Preheat your oven to 400°. Uncover the dough (very carefully!) and while you behold the wonder that you have so far created, brush oh-so-gently with olive oil and sprinkle with toppings of your choice.
Another note: I used the back of a spoon to smear my dough with olive oil, which is why you can see swirls on the top of my golden crust. I doubt it affects the taste or texture, but it certainly isn’t as pretty as it could be. I don’t actually own a brush for oil, but I am thinking of investing in one. If you don’t have one either, try a piece of lettuce as a brush - wish I'd've read that trick earlier!
For toppings, I used my favorite sea salt with more dried rosemary and oregano. You can also use sliced olives, sun-dried tomatoes, roasted & salted pepitas, smoked paprika, or Parmesan cheese! I think next time I am totally going to try some sliced pepperonis just to be weird. =D
Bake for 30 minutes or until golden brown.
Cool slightly in pan and then transfer to large cutting board to slice.
EAT THIS YUMMINESS with pasta, your favorite soup, or dipped in olive oil and balsamic vinegar like at that Italian place you like! And don’t forget to give yourself credit for this awesome bread that YOU just baked by hand from a few pantry staples. A novice, no more!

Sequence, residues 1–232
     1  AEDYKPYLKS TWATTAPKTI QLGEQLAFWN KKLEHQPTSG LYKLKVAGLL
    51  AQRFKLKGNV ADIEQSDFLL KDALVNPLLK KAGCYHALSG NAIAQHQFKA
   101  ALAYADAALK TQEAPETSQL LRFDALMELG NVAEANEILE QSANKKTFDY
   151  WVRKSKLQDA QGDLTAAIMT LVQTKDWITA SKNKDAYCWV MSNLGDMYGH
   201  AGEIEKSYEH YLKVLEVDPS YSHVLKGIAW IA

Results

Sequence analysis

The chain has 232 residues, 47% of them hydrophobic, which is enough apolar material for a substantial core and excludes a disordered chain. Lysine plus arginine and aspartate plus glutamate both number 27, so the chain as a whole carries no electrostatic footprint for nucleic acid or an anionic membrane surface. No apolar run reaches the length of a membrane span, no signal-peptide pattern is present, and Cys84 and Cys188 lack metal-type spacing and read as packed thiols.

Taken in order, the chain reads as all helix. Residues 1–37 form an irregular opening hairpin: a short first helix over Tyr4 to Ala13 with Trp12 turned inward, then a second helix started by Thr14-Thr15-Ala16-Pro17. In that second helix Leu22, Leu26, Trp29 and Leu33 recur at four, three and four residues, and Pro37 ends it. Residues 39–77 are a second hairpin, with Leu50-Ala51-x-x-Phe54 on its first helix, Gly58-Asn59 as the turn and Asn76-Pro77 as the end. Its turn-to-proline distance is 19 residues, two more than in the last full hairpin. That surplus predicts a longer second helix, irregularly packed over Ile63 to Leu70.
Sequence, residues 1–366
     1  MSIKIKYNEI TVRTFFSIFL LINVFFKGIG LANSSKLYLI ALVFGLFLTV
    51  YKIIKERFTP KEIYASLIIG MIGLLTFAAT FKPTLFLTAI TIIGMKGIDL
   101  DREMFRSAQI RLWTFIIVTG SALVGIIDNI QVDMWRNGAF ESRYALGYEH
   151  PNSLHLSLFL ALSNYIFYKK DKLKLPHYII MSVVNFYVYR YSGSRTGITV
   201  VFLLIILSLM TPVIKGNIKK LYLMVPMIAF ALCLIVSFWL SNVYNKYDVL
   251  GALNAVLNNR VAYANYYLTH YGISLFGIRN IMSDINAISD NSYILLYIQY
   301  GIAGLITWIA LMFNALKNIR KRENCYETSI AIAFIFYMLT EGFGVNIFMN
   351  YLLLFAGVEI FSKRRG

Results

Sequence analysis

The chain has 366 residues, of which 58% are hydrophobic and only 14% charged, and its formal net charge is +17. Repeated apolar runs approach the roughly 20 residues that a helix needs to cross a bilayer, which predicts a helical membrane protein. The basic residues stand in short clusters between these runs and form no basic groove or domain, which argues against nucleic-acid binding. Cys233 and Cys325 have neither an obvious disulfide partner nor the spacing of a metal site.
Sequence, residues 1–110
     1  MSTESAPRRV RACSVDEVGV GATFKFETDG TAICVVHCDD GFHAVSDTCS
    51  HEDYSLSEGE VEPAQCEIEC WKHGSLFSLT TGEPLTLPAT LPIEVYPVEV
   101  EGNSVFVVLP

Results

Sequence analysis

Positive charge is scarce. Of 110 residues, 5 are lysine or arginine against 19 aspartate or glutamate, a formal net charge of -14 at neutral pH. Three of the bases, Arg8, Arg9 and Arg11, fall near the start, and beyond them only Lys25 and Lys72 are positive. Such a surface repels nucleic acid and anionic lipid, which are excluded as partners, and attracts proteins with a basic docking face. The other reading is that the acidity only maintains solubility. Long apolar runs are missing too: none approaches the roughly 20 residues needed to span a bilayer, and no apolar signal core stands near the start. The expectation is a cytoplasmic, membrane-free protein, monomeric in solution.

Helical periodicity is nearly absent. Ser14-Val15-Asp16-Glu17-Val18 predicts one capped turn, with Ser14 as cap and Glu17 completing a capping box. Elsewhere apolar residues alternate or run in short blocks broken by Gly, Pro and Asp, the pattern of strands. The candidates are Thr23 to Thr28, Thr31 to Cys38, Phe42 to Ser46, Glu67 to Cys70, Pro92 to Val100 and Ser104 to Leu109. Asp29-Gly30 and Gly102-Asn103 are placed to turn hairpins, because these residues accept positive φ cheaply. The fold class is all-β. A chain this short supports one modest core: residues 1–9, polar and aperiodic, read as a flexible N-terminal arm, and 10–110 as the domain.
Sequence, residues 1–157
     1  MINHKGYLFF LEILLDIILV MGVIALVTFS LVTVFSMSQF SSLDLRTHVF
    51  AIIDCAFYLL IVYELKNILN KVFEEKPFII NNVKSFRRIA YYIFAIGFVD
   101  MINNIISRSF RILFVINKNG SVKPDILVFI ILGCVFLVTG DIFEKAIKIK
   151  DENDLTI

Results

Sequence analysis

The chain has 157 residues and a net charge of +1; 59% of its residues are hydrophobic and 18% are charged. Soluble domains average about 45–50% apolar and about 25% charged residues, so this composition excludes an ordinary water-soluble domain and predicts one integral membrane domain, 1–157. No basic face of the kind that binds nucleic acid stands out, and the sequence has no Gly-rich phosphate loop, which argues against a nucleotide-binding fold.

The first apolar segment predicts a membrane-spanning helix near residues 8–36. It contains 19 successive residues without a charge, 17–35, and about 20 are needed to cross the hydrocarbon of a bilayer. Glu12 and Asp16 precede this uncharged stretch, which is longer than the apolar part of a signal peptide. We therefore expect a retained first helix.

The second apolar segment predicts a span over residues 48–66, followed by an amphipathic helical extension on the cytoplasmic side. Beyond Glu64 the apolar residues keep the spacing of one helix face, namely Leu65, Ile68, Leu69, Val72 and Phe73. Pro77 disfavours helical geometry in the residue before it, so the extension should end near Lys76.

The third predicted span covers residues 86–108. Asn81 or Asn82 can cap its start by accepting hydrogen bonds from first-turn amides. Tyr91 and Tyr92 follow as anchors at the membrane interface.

Step 12 (last one, I promise)
This bread is best enjoyed fresh, and will go stale quickly because of its high surface-to-volume ratio and since its already been cut (an open-crumb stales more quickly than a closed-crumb). If you want to save some for past tomorrow, you'll have to slice and freeze it in a freezer bag, with ALL the air completely removed for up to one month. Reheat only what you're going to eat at a time by thawing in a 375º oven.
Keep whatever you plan to eat in the next 24 hours wrapped in the same beeswax wrap you used for proofing (you can wash it later).
TADA! (in the words of my 2-yr-old niece)
See, that wasn’t so bad! You have seen that baking isn’t so scary after all, and that you barely even have to remember to plan ahead! In fact, you can start this bread at 3pm and still have it ready in time for a late dinner.
Also, don’t forget to pour a glass of red wine with this one – it’s a great combo ;)
If you try this recipe I would LOVE to know!! Please leave a comment here, on Facebook or Instagram or even shoot me an email at firstname.lastname@example.org. And if you bake with your Ideal Wrap, we would love to see pics!!!